Apogee Sound Club Video, Session 1

So we shot the first part of Go ahead It's Okay for Apogee last week. We did all the performance footage and are saving the "cinema" shots for this week. Still though, even in these simple lighting setups we got some lovely footage, and the extras were a blast to work with. It was the fun shoot. Now onto the craft-n-detail! Check out these production stills by Green La Fleur.

Wade! Jeanie! Company!

Wade! Jeanie! Company!

Basil putting on batwings

Basil putting on batwings

Me and Basil working.

Me and Basil working.

Our talent Lorena having a beer in a rocking chair. 

Our talent Lorena having a beer in a rocking chair. 

Lizzy, Harrison, Wade 'bout to rock.

Lizzy, Harrison, Wade 'bout to rock.

Molly being Molly as fuck. 

Molly being Molly as fuck. 

Garage Set.

Garage Set.

In Flux A Night Gallery

Annie and I shot some video at In Flux this Friday. In Flux is an outdoor gallery produced in conjunction with Lower Polk Art Walk.

 We saw our friend Jean Jeanie there who was prototyping the mobile story booth with  Aaron Bray.

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Welcome! This structure is a temporary, autonomous zone, aka TAZ. It is a prototype of a mobile story booth. With it, we hope to investigate the less tangible elements and document the many storied experiences of San Francisco.

Southeast Asia Trip

I went to Cambodia and Indonesia in September, and brought along my trusty old FM2. I had forgotten how nice it can be to have a light camera with a single prime lens, and not be staring at a LCD all day. Plus I've always had a secret desire to be a travel photographer, and heading out into the jungle with my little light-tight box is exciting. 

 We went temple-perusing in Cambodia where we stayed up in the Northwest, first in Siem Reap near Angkor Wat, then in Battambang, up the river. I shot a mix of black and white, color reversal, and slide film.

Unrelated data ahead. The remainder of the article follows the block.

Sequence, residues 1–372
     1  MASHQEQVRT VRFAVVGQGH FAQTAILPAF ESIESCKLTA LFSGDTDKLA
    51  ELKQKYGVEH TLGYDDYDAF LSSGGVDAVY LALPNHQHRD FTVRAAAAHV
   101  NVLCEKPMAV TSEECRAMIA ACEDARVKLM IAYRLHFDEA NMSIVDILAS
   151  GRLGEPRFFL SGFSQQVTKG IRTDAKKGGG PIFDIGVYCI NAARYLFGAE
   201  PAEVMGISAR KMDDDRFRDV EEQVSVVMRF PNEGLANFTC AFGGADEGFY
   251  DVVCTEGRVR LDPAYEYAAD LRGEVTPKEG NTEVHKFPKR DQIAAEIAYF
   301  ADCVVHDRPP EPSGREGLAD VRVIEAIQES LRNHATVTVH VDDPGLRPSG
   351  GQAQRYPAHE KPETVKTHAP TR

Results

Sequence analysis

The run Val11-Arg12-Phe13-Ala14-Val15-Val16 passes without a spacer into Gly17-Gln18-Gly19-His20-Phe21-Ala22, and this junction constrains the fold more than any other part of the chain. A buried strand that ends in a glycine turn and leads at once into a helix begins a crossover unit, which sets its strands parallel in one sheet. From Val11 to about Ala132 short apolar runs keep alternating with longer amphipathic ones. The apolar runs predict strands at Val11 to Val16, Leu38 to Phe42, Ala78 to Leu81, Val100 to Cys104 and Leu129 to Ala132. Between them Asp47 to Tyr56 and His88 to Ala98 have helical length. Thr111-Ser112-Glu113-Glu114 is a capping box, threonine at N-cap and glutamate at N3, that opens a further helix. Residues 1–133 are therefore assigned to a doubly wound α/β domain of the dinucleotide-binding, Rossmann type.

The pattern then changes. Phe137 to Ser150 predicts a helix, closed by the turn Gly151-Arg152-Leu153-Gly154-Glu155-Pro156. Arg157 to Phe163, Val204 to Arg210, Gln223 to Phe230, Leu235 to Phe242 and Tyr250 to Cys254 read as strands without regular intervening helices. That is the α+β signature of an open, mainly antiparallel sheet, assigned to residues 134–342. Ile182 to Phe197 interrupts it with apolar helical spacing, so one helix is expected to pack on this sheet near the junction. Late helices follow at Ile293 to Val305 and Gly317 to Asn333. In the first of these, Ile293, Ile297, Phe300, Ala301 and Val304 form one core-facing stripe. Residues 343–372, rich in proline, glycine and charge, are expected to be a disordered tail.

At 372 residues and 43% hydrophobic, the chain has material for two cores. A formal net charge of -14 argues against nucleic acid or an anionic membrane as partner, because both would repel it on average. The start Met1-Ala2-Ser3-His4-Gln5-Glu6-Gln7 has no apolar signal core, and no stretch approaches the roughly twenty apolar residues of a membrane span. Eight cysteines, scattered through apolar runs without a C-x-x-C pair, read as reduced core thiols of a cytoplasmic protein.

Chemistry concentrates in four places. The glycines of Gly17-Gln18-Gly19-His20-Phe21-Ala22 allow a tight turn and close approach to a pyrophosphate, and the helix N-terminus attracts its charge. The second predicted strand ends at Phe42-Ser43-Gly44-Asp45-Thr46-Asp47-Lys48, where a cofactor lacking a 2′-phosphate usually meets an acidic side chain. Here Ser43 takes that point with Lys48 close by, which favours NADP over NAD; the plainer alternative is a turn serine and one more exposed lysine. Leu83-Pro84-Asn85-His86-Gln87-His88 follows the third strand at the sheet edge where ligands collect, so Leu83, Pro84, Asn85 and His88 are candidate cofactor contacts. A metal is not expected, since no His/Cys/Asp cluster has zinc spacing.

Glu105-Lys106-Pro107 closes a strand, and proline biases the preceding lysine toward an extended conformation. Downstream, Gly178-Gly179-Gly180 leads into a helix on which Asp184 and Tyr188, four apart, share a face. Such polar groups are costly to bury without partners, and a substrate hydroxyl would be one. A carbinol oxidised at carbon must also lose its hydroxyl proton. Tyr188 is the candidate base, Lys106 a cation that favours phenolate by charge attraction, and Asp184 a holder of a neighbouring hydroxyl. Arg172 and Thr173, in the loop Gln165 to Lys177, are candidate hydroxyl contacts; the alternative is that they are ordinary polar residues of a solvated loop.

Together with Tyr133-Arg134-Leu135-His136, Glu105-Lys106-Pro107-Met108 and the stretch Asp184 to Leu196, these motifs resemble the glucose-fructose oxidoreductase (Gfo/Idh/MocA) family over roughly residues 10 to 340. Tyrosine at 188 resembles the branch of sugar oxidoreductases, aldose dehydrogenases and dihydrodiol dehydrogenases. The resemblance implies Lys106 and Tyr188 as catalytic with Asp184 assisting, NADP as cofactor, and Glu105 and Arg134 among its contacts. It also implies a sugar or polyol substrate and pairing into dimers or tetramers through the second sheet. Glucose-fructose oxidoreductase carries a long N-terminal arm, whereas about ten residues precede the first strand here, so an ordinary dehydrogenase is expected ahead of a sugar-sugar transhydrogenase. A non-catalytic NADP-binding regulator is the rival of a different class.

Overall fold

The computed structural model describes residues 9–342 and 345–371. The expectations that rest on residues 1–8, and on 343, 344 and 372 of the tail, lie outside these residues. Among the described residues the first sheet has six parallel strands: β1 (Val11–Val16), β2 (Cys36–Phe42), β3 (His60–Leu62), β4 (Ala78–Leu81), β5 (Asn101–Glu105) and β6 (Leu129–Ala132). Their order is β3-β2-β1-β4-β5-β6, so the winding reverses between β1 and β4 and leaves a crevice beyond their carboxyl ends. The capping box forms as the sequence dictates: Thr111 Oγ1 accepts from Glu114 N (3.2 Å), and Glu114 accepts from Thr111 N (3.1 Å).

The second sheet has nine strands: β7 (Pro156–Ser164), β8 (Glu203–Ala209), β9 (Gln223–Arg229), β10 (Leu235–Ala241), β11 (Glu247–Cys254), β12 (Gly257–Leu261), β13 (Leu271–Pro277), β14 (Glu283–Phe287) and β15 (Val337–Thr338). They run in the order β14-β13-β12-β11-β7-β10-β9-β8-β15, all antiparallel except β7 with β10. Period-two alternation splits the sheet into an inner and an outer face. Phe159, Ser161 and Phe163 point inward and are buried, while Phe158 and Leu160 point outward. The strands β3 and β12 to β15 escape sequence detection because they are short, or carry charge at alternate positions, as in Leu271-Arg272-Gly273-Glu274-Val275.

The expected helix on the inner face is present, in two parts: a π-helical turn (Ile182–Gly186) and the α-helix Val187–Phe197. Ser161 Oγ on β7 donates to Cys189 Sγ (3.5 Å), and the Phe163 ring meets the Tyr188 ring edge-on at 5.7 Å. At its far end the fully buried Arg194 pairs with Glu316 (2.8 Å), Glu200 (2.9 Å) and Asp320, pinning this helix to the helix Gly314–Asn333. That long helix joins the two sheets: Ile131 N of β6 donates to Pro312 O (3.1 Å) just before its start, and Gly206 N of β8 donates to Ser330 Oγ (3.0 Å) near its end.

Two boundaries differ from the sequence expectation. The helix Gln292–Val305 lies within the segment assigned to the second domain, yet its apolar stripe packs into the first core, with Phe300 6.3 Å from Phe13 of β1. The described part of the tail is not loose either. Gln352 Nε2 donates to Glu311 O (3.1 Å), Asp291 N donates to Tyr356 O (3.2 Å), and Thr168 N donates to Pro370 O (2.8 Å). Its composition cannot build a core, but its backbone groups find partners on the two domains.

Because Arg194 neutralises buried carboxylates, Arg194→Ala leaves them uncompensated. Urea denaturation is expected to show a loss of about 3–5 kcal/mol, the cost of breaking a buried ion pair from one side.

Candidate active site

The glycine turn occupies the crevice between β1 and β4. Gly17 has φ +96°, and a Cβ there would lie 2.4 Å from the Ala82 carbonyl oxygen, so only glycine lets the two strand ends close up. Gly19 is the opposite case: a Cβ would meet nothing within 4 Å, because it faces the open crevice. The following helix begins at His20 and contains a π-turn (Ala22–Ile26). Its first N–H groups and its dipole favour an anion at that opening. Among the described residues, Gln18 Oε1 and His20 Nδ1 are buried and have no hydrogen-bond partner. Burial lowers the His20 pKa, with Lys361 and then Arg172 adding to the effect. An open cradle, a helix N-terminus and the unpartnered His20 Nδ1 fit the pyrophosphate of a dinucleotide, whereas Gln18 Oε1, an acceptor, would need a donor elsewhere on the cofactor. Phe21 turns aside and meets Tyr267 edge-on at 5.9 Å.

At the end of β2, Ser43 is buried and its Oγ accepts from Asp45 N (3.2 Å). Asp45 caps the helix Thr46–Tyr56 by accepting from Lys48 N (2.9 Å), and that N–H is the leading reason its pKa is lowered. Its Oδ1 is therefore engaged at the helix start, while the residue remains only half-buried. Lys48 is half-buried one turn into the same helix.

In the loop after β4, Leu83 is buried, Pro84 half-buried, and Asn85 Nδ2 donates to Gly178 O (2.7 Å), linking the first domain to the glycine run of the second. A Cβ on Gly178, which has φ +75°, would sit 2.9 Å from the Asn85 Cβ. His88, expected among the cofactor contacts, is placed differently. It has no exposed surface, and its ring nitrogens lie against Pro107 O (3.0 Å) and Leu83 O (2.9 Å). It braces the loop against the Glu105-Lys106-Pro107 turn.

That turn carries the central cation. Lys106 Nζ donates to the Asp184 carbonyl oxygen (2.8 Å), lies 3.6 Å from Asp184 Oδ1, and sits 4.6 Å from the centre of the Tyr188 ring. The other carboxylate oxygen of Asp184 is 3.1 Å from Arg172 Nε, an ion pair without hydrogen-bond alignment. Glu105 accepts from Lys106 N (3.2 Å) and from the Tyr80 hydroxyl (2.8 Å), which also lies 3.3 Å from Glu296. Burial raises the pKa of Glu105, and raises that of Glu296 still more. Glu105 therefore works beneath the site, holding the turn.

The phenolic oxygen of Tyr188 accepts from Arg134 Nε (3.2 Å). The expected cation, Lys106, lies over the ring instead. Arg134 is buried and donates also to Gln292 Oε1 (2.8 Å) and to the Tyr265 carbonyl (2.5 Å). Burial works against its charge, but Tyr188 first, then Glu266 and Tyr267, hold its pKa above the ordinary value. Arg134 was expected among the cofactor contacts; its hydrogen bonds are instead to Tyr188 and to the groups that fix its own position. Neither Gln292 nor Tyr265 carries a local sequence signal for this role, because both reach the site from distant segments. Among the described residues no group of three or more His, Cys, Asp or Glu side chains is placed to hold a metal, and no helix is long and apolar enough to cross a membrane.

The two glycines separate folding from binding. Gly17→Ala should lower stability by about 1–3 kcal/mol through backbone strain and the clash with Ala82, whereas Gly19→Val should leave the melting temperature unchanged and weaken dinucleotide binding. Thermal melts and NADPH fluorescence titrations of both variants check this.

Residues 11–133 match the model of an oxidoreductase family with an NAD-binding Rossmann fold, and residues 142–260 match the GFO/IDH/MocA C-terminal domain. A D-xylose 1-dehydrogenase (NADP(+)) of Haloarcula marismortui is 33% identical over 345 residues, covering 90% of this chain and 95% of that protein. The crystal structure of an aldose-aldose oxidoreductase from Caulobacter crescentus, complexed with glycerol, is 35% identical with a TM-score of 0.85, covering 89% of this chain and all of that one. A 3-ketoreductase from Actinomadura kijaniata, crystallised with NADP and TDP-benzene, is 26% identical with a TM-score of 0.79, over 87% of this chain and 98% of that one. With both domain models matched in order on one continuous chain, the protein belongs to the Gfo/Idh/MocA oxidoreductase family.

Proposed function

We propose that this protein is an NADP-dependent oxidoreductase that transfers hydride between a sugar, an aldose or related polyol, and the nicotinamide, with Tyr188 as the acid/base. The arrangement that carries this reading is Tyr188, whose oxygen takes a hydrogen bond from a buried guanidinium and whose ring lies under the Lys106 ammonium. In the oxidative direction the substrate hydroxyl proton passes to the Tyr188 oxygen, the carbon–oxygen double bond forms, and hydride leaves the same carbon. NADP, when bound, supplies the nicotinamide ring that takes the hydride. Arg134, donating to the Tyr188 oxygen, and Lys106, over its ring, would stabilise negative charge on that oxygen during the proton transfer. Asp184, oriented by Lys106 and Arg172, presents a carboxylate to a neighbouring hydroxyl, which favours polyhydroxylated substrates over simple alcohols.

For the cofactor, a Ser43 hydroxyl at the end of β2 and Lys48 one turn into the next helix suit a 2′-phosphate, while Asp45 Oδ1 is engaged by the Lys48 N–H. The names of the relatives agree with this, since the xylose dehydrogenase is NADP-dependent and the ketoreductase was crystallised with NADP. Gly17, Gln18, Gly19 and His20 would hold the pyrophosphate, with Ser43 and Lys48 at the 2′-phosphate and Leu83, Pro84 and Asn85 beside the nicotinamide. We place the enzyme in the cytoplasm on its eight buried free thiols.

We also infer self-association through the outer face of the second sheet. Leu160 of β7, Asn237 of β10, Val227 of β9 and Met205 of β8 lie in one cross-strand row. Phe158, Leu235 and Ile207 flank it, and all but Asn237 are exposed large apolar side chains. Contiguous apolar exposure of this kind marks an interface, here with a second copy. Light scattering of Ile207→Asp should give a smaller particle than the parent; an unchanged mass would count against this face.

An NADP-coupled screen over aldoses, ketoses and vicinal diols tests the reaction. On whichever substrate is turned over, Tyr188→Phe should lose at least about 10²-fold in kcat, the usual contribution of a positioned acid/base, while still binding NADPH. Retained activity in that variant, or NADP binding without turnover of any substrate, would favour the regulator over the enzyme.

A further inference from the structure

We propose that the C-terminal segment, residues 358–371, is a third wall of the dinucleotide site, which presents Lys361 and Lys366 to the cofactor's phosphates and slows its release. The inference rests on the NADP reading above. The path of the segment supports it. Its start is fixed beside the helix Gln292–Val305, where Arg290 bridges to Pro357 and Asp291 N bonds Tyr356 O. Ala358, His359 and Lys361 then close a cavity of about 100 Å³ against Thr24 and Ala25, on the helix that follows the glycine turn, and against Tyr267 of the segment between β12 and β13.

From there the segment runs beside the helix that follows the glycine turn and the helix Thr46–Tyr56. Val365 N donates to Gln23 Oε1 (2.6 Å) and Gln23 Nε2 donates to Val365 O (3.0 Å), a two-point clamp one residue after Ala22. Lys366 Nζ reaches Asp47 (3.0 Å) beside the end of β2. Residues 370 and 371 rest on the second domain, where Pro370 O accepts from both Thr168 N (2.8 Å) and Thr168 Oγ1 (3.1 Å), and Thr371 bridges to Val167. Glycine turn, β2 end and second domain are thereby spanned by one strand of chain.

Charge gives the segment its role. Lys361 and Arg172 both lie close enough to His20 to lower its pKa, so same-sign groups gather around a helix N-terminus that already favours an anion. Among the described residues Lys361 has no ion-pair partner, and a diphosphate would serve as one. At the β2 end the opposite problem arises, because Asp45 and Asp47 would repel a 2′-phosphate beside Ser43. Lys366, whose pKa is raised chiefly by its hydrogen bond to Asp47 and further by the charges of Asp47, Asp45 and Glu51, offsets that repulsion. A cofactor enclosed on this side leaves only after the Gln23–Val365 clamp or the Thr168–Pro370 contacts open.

Cambodia Indonesia trip, Basil Glew-Galloway

It's an amazing place. These enormous edifices rise up out of the jungle, and in some cases the jungle has grown back in over the temple grounds. 

I stayed in town some days as well, to get some cafe time in with a book and do some street photography. 

Some of the friendliest people I've ever met, and of course great food. I love the tradition in that part of the world of having a spicy soup in the morning instead of a big plate of waffles or eggs. 

 Our time in Indonesia ended up being much more Heart of Darkness. We were staying in a little village on the island Seram in the far east of the country, near the Spice Islands, west of Papua. The village was built in this little cove, and it spilled out onto the water with stilt houses going a couple blocks deep into the sea.

The majority of the island was highland rainforest, the center of it being protected national park.  Incredibly lush, fog-hugged rainforest. Full of birds, including the endemic Moluccan Cockatoo, a beautiful, large, white parrot. I didn't bring a telephoto lens with me, so no bird pictures...

It was my first time in Southeast Asia, and I can't recommend it highly enough. I'll be back.  

A Devoted Standard

In Way Down East to achieve her performance Lillian Gish lay on a iceflow for so many hours that she suffered permanent nerve damage in her hand. It is an historic film climax and without Lillian's dedication to her director and her role is one of the moments that, arguably, created naturalist and methodical acting for the modern acting era. As a director/actor her performance in Way Down East reflects the urgency and devotion of will it takes to become a role and to articulate a truly personal performance. For my actors, I expect some skin in the game, and your audience demands it.

Lilian Gish lays on ice.

Bear & Skull

Here's a new piece of street art in SOMA on 12th betwixt Folsom and South Van Ness/Howard. I like it. Not sure if the piece is in reference to the Bear culture that prevails in the SOMA area, but beyond all that, it's a nice piece. This bear sits comfortably, cross-legged and civilized atop a death skull, and just to expand upon the visual metaphor; the death skull sits comfortably atop a flying death skeleton. Why not, Bear & Skull? Welcome to the neighborhood.